Rape Crisis & campaigning partners demand urgent reform as child sexual abuse survivors denied compensation
Rape Crisis England & Wales, Liberty, Barnardo’s, Victim Support, National Working Group, Labour MP Sarah Champion and Conservative MP Iain Stewart have today (17th April 2018) written to Justice Secretary David Gauke demanding an urgent overhaul of the scheme governing compensation for victims of crime.
The Ministry of Justice has a statutory duty to compensate blameless victims of violent crime through the Criminal Injuries Compensation Scheme (CICS).
But a number of outdated rules governing this scheme have seen survivors of child sexual abuse refused compensation on grounds they 'consented', or even because their abuser was a family member. Victims and survivors of other forms of sexual violence are also routinely disadvantaged by the Scheme.
The letter calls on the Justice Secretary to rewrite those rules as part of his forthcoming National Victim Strategy to:
- automatically grant compensation in cases where the victim was under 13 at the time of the abuse, or where there has been a conviction
- relax the 'same roof' rule which prevents survivors of sexual abuse that happened before 1 October 1979 from claiming compensation if they lived with their abuser as a member of the same family
- expand the definition of a 'crime of violence' to include grooming and sexual exploitation that takes place online
- take a sensible approach to victims who have unrelated criminal convictions – who currently have their awards reduced or withheld.
Dianne Whitfield, Rape Crisis England & Wales Co-Chair, said: “Through our frontline experience of supporting individuals who have experienced child sexual abuse, rape and other sexual offences, we know how severely disadvantaged and even re-traumatised victims and survivors of these crimes so frequently are by the Criminal Injuries Compensation Scheme in its current form.
“It's unacceptable that individuals already living with the significant, often lifelong, impacts of sexual violence can be further harmed by a scheme that's meant to compensate them in some small way for what they've been through.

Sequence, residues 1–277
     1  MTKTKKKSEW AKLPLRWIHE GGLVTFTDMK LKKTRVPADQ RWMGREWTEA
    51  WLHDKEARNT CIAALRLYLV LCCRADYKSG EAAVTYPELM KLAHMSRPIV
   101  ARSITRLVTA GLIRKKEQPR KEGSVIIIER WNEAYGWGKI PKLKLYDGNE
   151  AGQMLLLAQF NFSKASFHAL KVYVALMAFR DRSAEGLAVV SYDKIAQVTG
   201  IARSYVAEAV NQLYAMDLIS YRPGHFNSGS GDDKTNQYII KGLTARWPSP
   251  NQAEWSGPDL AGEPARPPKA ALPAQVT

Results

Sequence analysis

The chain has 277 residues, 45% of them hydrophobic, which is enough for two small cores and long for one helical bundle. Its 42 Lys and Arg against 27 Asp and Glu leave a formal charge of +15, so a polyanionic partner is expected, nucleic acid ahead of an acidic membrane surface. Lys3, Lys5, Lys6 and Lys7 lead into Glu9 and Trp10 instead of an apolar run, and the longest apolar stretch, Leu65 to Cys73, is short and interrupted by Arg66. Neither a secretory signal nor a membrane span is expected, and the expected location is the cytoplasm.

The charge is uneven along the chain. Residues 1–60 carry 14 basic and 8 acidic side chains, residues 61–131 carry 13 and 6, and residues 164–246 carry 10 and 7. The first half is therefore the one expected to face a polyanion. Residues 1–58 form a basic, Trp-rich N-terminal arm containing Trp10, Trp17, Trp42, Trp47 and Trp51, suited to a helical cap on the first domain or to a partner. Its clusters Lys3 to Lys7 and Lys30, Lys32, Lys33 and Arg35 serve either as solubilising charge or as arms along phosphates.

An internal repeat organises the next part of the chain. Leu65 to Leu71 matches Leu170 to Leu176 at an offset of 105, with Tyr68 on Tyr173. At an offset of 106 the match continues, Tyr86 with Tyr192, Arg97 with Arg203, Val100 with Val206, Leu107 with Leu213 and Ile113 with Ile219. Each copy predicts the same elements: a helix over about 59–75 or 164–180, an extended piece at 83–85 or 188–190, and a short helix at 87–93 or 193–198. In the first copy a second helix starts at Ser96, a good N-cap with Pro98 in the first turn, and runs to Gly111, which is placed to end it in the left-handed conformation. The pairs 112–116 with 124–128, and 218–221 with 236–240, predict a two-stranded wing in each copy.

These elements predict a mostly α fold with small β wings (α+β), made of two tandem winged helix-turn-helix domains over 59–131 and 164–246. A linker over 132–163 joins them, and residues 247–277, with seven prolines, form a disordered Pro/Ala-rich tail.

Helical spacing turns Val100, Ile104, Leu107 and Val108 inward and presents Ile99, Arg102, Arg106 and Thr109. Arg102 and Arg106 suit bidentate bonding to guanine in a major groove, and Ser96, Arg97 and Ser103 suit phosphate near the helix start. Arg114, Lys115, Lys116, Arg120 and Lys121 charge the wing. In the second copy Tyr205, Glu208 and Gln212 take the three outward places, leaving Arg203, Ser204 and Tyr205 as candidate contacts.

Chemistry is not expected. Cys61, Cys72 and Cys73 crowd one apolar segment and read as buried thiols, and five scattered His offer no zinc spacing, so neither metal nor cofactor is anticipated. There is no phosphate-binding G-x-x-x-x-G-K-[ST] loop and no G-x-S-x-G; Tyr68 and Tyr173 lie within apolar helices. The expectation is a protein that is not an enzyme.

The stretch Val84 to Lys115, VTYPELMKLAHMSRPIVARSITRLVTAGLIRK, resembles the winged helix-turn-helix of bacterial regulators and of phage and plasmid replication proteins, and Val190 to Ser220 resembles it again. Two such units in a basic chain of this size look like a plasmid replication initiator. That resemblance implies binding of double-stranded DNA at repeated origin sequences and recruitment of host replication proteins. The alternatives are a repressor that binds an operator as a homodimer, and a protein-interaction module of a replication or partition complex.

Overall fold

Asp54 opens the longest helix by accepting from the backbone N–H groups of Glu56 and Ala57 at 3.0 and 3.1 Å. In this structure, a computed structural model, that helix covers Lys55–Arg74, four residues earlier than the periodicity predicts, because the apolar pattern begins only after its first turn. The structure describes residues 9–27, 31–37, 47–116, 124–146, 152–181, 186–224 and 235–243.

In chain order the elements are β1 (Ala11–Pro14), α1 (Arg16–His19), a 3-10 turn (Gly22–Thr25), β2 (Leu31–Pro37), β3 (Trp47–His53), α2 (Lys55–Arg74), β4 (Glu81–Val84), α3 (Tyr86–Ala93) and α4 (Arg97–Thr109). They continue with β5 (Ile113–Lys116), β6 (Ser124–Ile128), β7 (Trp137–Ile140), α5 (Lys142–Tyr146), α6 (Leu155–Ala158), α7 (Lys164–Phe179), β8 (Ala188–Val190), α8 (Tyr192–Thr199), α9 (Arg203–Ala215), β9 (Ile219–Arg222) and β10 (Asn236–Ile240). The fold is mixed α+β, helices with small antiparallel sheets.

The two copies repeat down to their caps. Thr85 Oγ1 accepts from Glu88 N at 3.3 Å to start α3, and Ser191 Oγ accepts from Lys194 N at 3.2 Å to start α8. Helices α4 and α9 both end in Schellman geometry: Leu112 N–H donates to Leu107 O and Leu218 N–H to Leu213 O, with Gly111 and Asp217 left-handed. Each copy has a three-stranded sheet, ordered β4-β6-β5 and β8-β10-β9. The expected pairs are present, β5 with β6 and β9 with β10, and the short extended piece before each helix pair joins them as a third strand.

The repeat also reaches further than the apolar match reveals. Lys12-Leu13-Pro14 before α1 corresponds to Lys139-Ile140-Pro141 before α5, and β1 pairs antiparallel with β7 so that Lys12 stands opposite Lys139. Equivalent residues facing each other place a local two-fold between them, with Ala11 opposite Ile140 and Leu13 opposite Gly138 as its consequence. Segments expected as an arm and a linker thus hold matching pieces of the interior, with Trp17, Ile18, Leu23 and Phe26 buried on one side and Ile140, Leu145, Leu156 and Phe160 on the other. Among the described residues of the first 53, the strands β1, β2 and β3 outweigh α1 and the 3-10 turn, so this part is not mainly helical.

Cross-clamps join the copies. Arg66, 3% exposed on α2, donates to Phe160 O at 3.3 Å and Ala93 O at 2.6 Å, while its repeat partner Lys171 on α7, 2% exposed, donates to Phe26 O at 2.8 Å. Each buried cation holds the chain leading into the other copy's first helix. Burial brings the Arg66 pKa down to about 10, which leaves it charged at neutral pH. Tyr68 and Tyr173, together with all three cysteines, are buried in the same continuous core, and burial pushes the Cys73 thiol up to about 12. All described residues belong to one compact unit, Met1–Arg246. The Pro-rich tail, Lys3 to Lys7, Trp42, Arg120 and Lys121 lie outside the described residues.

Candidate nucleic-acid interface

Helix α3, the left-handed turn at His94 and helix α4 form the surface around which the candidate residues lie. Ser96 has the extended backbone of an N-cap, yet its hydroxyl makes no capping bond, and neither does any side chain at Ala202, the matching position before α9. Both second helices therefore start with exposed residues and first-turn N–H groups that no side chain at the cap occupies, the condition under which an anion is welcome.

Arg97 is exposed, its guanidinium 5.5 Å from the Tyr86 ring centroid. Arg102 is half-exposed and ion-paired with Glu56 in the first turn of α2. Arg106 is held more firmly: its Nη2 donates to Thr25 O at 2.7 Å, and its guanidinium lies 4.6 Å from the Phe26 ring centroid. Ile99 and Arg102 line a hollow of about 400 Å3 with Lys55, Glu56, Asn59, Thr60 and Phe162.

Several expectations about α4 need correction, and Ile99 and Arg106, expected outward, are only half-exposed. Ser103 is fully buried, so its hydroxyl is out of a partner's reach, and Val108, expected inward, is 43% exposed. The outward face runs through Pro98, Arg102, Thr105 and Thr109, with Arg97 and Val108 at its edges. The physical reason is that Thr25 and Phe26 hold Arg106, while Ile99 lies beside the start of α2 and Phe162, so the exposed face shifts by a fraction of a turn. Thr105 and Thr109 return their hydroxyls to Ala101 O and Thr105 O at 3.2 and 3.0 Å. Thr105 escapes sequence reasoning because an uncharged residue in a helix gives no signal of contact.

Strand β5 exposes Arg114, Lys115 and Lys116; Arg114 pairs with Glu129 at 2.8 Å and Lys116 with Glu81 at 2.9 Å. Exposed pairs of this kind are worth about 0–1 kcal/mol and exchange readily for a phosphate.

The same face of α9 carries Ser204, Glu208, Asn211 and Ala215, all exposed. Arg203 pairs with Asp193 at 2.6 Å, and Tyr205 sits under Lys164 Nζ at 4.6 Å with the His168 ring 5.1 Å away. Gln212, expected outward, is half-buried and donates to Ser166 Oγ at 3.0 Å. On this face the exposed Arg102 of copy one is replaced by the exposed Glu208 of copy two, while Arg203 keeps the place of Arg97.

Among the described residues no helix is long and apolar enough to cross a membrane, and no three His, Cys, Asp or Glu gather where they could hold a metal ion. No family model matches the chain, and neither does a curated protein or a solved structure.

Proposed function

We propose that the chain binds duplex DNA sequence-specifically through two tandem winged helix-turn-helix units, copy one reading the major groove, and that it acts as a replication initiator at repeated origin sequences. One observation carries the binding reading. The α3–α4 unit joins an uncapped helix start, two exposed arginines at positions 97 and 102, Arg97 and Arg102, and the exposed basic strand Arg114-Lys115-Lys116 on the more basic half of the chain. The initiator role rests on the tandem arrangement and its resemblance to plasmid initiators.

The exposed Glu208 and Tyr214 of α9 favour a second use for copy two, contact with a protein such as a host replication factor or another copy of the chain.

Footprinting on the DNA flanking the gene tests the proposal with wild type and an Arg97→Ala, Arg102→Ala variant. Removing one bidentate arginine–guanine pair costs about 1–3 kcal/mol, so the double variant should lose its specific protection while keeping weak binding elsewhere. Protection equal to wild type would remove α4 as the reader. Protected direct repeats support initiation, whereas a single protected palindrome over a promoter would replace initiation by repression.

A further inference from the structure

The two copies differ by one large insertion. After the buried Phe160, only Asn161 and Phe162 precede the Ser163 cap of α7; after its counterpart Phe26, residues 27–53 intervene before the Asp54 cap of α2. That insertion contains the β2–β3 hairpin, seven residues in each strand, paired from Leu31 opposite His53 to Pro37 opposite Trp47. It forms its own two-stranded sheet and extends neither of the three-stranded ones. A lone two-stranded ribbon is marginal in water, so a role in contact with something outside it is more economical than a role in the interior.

“All sexual offences need to be considered in this review, including forms of online grooming and sexual abuse which can be viewed by the Scheme in its current form as 'non-violent'.
“The Scheme needs to reflect the crimes experienced in today's society and digital age.
“Rape Crisis England & Wales has continually raised concerns about the Criminal Injuries Compensation Scheme for many years and we believe a thorough overhaul is long overdue.”
Labour MP Sarah Champion said: “The purpose of the Criminal Injuries Compensation Scheme is to provide fair compensation to victims of crime. Sadly, too many victims are being denied by a system that appears to make it as difficult as possible to successfully pursue a claim.
“CICA has to truly be a victim focused organisation, but this does not always seem to be the reality.
“Some progress has been made, such as updating guidelines on child sexual exploitation, but there is still some way to go to ensure CICA is fit for purpose.
“The Government must respond to the concerns we have raised and take prompt action to deliver a fair and transparent system, otherwise they will continue to let down the people CICA professes to be supporting.”
Martha Spurrier, Director of Liberty, said: “Under these archaic rules, the Government is telling children who were sexually exploited online, groomed before they reached puberty or even endured abuse at the hands of a parent that they don’t deserve compensation.
“There are no ifs or buts when it comes to child sexual abuse. If ministers really care about victims’ rights, there can be no excuses for refusing to change the rules so survivors can move on with their lives. We hope the Justice Secretary will take the opportunity offered by his forthcoming victim strategy to put this right.”